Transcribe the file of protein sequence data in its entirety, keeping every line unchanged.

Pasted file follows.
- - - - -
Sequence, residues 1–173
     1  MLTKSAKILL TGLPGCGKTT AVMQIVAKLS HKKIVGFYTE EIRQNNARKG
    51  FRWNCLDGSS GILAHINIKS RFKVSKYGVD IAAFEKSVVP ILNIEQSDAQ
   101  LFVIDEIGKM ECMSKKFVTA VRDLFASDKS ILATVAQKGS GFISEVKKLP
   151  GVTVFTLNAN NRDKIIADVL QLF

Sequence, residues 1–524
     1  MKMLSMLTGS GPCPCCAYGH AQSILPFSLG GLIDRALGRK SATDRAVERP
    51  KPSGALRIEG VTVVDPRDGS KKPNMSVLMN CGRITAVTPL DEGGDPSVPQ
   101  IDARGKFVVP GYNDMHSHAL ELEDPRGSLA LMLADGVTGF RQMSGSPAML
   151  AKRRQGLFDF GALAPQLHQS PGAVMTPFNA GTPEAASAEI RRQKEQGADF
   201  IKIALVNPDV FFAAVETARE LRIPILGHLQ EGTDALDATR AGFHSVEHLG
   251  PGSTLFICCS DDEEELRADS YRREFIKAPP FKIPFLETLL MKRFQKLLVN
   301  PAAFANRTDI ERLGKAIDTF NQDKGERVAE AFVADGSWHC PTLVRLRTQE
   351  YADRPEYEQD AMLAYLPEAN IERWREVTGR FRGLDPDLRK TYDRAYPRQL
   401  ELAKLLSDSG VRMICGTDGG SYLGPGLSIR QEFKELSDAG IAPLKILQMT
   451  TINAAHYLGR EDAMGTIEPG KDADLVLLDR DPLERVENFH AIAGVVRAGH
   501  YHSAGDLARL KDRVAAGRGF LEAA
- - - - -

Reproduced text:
Sequence, residues 1–173
     1  MLTKSAKILL TGLPGCGKTT AVMQIVAKLS HKKIVGFYTE EIRQNNARKG
    51  FRWNCLDGSS GILAHINIKS RFKVSKYGVD IAAFEKSVVP ILNIEQSDAQ
   101  LFVIDEIGKM ECMSKKFVTA VRDLFASDKS ILATVAQKGS GFISEVKKLP
   151  GVTVFTLNAN NRDKIIADVL QLF

Sequence, residues 1–524
     1  MKMLSMLTGS GPCPCCAYGH AQSILPFSLG GLIDRALGRK SATDRAVERP
    51  KPSGALRIEG VTVVDPRDGS KKPNMSVLMN CGRITAVTPL DEGGDPSVPQ
   101  IDARGKFVVP GYNDMHSHAL ELEDPRGSLA LMLADGVTGF RQMSGSPAML
   151  AKRRQGLFDF GALAPQLHQS PGAVMTPFNA GTPEAASAEI RRQKEQGADF
   201  IKIALVNPDV FFAAVETARE LRIPILGHLQ EGTDALDATR AGFHSVEHLG
   251  PGSTLFICCS DDEEELRADS YRREFIKAPP FKIPFLETLL MKRFQKLLVN
   301  PAAFANRTDI ERLGKAIDTF NQDKGERVAE AFVADGSWHC PTLVRLRTQE
   351  YADRPEYEQD AMLAYLPEAN IERWREVTGR FRGLDPDLRK TYDRAYPRQL
   401  ELAKLLSDSG VRMICGTDGG SYLGPGLSIR QEFKELSDAG IAPLKILQMT
   451  TINAAHYLGR EDAMGTIEPG KDADLVLLDR DPLERVENFH AIAGVVRAGH
   501  YHSAGDLARL KDRVAAGRGF LEAA